you are in the diode archives v6n3



Working for the Pyramid

Whipped like rocks, we’re all Egyptians
working for death, for the pure idea
of capital numbers, tonnage
tricked and heaved up muddy slopes,
our own bodies the soft engines of increase,
spirit-shells boxed shoulder to shoulder and leashed
to a dream of freedom greater than labor,
labor stronger than pride.

With pride, then, we assume the pliant
ropes of subordination securing our lives.
We believe in a pyramid, in rank and ordered truth,
in an elevation of command more faithful
than all our cults and mild ambitions.

Stamped and soothed at night with exhaustion,
we lie awake in the cool desert winds,
dreaming of a monument finished,
radiant in all its massiveness,
with distant lights wavering at the top
where unseen leaders travel through the dark
like beautiful insects, shaping the future,
and over us all, the logical moon,
constant and airless, where lesser souls,
becoming shadows on earth, will someday shine.

Mergers & Acquisitions

Dreaming of Egyptians again, their hollowness,
dead men walking through airports, smiling, extending
their soft hands in recognition . . .

I lay out my business suit for another trip,
rehearsing my speech, and the beautiful numbers
pour out of me like water.

I believe in this corporation, in the natural
marriage of death and business, and I follow
the storm gods and executive furies
striding through terminals,
self-made and acquiring masters
flanked by falcons and honor guards,
low enemies scattered before us like roaches.

Even so, we have all seen that bewildered look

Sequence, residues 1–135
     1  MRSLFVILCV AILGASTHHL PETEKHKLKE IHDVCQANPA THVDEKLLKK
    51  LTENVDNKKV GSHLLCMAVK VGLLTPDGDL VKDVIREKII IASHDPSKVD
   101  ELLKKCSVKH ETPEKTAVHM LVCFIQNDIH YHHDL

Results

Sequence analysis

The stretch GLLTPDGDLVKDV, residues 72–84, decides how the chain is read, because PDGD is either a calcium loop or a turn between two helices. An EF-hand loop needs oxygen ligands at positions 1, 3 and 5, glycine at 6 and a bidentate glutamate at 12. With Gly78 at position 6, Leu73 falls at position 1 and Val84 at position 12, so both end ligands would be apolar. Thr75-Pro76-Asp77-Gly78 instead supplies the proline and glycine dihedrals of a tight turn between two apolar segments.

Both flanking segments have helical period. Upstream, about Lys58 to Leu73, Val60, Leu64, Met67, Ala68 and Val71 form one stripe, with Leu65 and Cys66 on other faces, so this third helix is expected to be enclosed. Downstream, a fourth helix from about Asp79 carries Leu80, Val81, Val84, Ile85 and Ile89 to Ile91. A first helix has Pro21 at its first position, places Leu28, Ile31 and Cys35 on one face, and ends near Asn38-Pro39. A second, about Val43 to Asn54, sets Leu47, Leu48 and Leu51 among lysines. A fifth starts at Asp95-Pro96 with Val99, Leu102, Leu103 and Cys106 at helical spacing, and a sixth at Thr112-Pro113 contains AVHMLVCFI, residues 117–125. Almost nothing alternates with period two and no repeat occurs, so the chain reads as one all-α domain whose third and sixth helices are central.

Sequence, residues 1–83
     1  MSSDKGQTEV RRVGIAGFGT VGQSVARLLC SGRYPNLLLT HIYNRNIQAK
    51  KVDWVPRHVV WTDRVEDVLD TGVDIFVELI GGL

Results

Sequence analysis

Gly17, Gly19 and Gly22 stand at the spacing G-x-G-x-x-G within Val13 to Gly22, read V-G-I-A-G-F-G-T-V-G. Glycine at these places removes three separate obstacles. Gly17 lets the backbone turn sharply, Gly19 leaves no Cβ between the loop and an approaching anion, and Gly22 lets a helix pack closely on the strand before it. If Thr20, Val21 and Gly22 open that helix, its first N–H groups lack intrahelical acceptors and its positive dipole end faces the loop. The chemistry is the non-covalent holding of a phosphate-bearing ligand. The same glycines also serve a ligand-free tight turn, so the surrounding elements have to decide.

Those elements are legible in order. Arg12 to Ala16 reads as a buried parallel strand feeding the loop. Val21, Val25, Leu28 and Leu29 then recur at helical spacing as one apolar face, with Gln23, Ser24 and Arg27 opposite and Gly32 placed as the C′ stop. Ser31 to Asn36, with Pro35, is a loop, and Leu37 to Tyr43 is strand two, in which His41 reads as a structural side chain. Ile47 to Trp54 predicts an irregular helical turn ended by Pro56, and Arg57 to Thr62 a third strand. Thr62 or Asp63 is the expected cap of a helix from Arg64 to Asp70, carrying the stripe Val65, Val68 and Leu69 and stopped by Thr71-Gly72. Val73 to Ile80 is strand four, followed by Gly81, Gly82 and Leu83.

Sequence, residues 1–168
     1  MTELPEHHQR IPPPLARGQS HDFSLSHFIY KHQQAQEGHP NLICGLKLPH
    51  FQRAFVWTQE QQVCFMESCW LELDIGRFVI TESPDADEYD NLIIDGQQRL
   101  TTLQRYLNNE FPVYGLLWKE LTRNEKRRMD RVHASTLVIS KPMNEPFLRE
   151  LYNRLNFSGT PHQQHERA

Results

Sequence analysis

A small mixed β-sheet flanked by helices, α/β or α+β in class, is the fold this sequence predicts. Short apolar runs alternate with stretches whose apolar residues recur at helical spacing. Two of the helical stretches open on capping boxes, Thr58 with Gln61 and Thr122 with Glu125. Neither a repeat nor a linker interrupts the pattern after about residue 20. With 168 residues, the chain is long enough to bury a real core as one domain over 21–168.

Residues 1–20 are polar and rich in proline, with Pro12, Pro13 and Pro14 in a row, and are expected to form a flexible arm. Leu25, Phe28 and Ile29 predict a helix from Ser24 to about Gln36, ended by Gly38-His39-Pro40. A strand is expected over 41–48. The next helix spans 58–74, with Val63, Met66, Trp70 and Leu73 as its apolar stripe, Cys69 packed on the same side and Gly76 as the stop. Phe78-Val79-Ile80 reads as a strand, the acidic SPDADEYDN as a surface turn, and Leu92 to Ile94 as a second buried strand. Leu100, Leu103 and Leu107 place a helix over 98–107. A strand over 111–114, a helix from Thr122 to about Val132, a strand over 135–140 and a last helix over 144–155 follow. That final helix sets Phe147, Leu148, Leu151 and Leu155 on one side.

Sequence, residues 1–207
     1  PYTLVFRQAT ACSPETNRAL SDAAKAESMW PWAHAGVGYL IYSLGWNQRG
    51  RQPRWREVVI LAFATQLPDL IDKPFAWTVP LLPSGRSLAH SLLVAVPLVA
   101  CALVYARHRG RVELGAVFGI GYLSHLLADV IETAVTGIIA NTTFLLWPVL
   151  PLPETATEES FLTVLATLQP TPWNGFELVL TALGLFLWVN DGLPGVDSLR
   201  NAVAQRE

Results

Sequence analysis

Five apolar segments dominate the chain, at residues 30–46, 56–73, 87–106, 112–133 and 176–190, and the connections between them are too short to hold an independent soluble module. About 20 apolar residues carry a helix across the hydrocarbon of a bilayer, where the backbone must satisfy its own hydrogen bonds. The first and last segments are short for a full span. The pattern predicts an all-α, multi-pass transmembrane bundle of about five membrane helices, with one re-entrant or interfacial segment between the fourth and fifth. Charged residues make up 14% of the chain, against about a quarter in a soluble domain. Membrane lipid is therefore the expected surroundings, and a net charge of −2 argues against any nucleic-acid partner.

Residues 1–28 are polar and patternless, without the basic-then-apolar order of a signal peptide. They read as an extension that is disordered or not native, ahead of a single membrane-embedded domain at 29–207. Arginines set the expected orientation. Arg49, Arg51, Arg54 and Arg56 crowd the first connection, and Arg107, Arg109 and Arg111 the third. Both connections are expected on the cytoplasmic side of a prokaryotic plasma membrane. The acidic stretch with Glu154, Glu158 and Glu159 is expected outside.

in the eyes of the dull, tremendous giants
we overtake, so we lay them down
gently on the conference table
and open the slack and bullish remains
with caution, working through layers
of pure contagion, rot
and pockets of fat. The body jerks
and relaxes, bones turning into silver.

The watchdogs with their manifestoes
wish us in hell, of course, stuffed
screaming into burning pipes,
but the soul endures—
spook and little shaving
inch-worming its way to heaven.

So let Egypt stand for the world
and let that world be stark and faithful
like an empty airport at midnight
as we touch down from another country,
our right hands extended, our wings
darkened from flight.  


Richard Cole is the author of two collections of poetry: The Glass Children (The University of Georgia Press) and Success Stories (Limestone Books). His poetry and prose has been published in The New Yorker, Poetry, The Sun, Hudson Review, and Image Journal: Good Letters. His upcoming memoir, Catholic by Choice: Why I embraced the faith, joined the Church, and embarked on the adventure of a lifetime, will be available from Loyola Press in spring 2014. He works as a business writer in Austin, TX. See more at www.richard-cole.net.